COVID-19: LETTER FROM SHANGHAI

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Solis Marine Master Mariner Captain Roland Orange on living and working in China during the CoronaVirus outbreak

Firstly, I haven’t contracted the virus, Severe Acute Respiratory Syndrome CoronaVirus 2 (SARS-CoV-2), nor the disease caused by the virus, CoronaVirus Disease (COVID-19).

My son and myself have remained in Shanghai throughout this period from the first notifications in January 2020. It is particularly fortuitous for my son, who has his Chinese relations in Hubei province, and this is the first year he never travelled to Hubei province for the Chinese New Year celebrations. I previously lived for five years in Yichang, Hubei province (whilst still in the latter part of my seagoing career) where my son was born.

So, what has it been like? Have we suffered; have we been house bound; how have we been treated?

Surprisingly, it has been nothing like what I have seen reported on BBC, CNN and other news channels. Sure, it has been difficult and the economy has suffered. Travel has been restricted, but not as draconian as reported.

I haven’t been confined to my apartment or complex, I’ve been able to travel freely throughout Shanghai and I’ve seen no shortages of food and toiletries. The only item I had difficulty in getting was masks, but through contacts I have managed to get sufficient surgical masks delivered. The value of wearing a mask is often debated, but everyone is wearing them here, so to avoid irking the locals and causing a scene, it is just easier to comply and wear a mask when out of your apartment.

Officially there were no travel restrictions, except to Hubei province and road tolls have been suspended, internal flights and trains have been running. Each province however has been implementing their own procedures which has somewhat restricted actual travel and having a school aged child in the house, has further stifled my own travel options.

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Shanghai World Financial Centre Tower, Jin Mao Tower and the Shanghai Tower

Self-isolation in Shanghai is working

The Chinese authorities requested that all people stay in as much as possible and not gather in groups, commencement of work after the Chinese New Year was delayed for a further 14 days and workers were asked to further self-isolate for 14 more days on returning back to Shanghai and before entering the workplace.

Whatever your particular political allegiance might be and your thoughts on the Chinese political system, the Chinese tend to follow the advice given by the authorities and Shanghai remained as quiet as it is normally, during the Chinese New Year period, for a further 28 days, as people stayed in and only went out for shopping requirements. Which seems to have worked well in the Shanghai municipality. For the size of the area, there has been relatively few cases reported.

If you have ever visited Shanghai you will know how busy the roads are, especially during the morning and evening commutes. To be able to freely drive from one side of Shanghai to the other with only a few other cars on the roads is one of life’s little pleasures, well it is for me!

Shops and shopping malls have remained open, most restaurants have also remained open, there is an established food delivery system already in place here in Shanghai and this has been utilised even more for cooked food delivery and online shopping has increased as people stayed in as much as possible. I have seen people eating in restaurants but not many. Shopping malls and the restaurants within have been quiet, eerily quiet, but still open.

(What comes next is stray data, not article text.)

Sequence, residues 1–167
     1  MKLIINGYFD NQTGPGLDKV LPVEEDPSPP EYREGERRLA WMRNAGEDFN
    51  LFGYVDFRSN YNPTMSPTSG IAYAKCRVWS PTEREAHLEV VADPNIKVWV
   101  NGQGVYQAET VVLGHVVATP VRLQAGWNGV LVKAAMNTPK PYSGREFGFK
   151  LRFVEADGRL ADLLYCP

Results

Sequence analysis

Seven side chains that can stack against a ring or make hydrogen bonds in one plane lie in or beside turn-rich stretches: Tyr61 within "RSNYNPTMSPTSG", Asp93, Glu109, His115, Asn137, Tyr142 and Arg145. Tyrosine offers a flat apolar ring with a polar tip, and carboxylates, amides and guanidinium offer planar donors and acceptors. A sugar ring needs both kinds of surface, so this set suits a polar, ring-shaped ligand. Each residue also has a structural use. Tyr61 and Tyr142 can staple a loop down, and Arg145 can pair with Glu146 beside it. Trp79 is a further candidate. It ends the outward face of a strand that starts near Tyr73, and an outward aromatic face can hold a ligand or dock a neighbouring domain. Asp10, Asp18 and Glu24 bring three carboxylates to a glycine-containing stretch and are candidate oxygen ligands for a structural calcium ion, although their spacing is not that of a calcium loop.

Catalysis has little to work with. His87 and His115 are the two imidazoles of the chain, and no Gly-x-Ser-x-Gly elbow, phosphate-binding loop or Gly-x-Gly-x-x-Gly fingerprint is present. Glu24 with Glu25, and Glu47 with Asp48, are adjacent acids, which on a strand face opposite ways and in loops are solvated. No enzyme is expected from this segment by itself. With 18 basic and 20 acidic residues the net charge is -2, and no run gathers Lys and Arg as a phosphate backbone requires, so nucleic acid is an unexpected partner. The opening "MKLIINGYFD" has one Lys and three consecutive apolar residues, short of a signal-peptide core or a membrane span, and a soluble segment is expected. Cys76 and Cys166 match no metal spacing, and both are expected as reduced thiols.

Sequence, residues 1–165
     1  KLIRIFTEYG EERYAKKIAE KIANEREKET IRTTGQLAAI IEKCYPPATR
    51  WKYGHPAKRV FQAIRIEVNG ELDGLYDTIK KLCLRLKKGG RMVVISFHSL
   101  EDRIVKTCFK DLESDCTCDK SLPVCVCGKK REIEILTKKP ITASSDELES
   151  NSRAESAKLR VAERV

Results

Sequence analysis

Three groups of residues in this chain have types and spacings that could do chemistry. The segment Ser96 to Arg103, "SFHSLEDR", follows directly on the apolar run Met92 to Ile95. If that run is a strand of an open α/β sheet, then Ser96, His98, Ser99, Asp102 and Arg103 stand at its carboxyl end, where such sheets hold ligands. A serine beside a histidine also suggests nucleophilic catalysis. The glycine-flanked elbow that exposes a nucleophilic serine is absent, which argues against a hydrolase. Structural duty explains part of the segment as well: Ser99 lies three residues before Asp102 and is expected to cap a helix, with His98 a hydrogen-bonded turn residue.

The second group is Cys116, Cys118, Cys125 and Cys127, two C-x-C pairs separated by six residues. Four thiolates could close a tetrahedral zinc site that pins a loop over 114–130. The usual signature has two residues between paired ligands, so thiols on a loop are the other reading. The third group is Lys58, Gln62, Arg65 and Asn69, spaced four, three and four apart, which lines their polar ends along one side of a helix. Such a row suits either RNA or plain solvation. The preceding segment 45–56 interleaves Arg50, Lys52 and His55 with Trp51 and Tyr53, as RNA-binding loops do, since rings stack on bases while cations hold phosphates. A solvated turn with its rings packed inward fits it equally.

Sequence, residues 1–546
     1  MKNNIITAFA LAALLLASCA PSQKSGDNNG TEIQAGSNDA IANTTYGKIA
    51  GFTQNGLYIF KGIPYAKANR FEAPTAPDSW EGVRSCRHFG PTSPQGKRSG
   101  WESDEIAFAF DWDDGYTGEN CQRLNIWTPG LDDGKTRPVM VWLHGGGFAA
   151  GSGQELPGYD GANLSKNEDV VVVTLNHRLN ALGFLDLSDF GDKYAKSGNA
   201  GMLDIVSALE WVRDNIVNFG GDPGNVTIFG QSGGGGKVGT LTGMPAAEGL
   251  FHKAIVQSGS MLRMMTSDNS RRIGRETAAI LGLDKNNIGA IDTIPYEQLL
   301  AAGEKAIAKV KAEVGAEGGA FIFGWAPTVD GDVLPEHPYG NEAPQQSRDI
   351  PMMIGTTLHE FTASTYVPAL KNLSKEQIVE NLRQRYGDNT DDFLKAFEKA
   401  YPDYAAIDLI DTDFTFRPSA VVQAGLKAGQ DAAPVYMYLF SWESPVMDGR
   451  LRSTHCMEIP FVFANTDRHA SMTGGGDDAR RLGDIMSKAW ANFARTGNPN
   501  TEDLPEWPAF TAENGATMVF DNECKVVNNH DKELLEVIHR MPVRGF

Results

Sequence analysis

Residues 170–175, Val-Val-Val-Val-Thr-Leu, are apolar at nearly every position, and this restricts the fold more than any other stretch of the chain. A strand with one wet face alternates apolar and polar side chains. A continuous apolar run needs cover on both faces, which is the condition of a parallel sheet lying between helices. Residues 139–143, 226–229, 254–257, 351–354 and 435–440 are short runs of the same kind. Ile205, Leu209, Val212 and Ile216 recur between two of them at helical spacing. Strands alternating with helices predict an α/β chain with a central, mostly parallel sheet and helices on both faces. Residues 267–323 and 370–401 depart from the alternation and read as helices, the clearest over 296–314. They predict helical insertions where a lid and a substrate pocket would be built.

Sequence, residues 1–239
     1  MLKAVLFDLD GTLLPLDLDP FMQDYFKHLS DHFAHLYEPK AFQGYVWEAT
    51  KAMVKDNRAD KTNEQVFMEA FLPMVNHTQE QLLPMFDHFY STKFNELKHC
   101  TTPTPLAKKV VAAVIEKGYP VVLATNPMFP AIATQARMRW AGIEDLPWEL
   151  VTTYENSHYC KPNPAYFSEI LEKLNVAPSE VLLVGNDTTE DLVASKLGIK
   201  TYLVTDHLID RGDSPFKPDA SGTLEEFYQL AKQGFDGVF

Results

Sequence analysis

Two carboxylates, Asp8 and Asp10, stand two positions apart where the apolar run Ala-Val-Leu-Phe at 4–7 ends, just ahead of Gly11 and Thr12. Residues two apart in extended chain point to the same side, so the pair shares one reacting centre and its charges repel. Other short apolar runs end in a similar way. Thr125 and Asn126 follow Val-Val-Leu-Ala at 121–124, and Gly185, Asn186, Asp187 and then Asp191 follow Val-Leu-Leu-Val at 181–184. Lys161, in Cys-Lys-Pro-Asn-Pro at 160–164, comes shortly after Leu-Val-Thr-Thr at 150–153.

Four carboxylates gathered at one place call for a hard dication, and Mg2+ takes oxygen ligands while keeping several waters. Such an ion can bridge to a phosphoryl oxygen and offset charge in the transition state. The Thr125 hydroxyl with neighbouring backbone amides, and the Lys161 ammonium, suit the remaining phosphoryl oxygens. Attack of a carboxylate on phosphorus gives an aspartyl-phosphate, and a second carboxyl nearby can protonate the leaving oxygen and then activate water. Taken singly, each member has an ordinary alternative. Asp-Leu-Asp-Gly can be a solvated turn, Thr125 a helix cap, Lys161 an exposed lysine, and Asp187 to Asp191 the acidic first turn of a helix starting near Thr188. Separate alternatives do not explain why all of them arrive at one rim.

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Lujiazui financial district

Open for Business

So, how about work for the foreign marine consultant out here? We have still been receiving enquiries and instructions which we are trying to meet. However, most of our surveyors have children of school age and all provinces seem to have the additional 14 days quarantine before returning home if school children are in the house. This has really restricted our attendances to the provinces where we are located, Shanghai, Shandong and Fujian, we do have contacts with other surveyors in other provinces and can utilise these during the short term if required.

And what now? China and Shanghai are getting back to normal; people are returning to work but then seem to be going straight home at the end of the day. Delivery companies are doing good business with shopping and food deliveries. I was out this past Saturday and more and more people are going out and taking advantage of the peace and quiet and walking in the sunshine as families. The Pearl Tower has now reopened for sightseeing, albeit with reduced numbers being allowed in at any one time. Perhaps the best time to see the sights and skyline of this massively impressive city.

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The Pearl Tower from the rooftop garden of the IFC shopping mall at Lujiazui

Cleanliness and Common Sense

So now we watch with sadness as the rest of the world struggles with the same problems we have recently experienced here, and China starts to restrict returnees to avoid spreading the virus again. We hope the virus can soon be restricted and brought under control and panic buying, not seen here, is brought under control.

A little common sense and following simple guidelines on cleanliness, coughing or sneezing into tissues or the inside of your arm, self-isolation if unwell and staying a suitable distance from others in public places, will help stop the spreading of this disease.

You can contact Captain Roland Orange here.

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Ole` supermarket checkout at Kerry Parkside shopping mall

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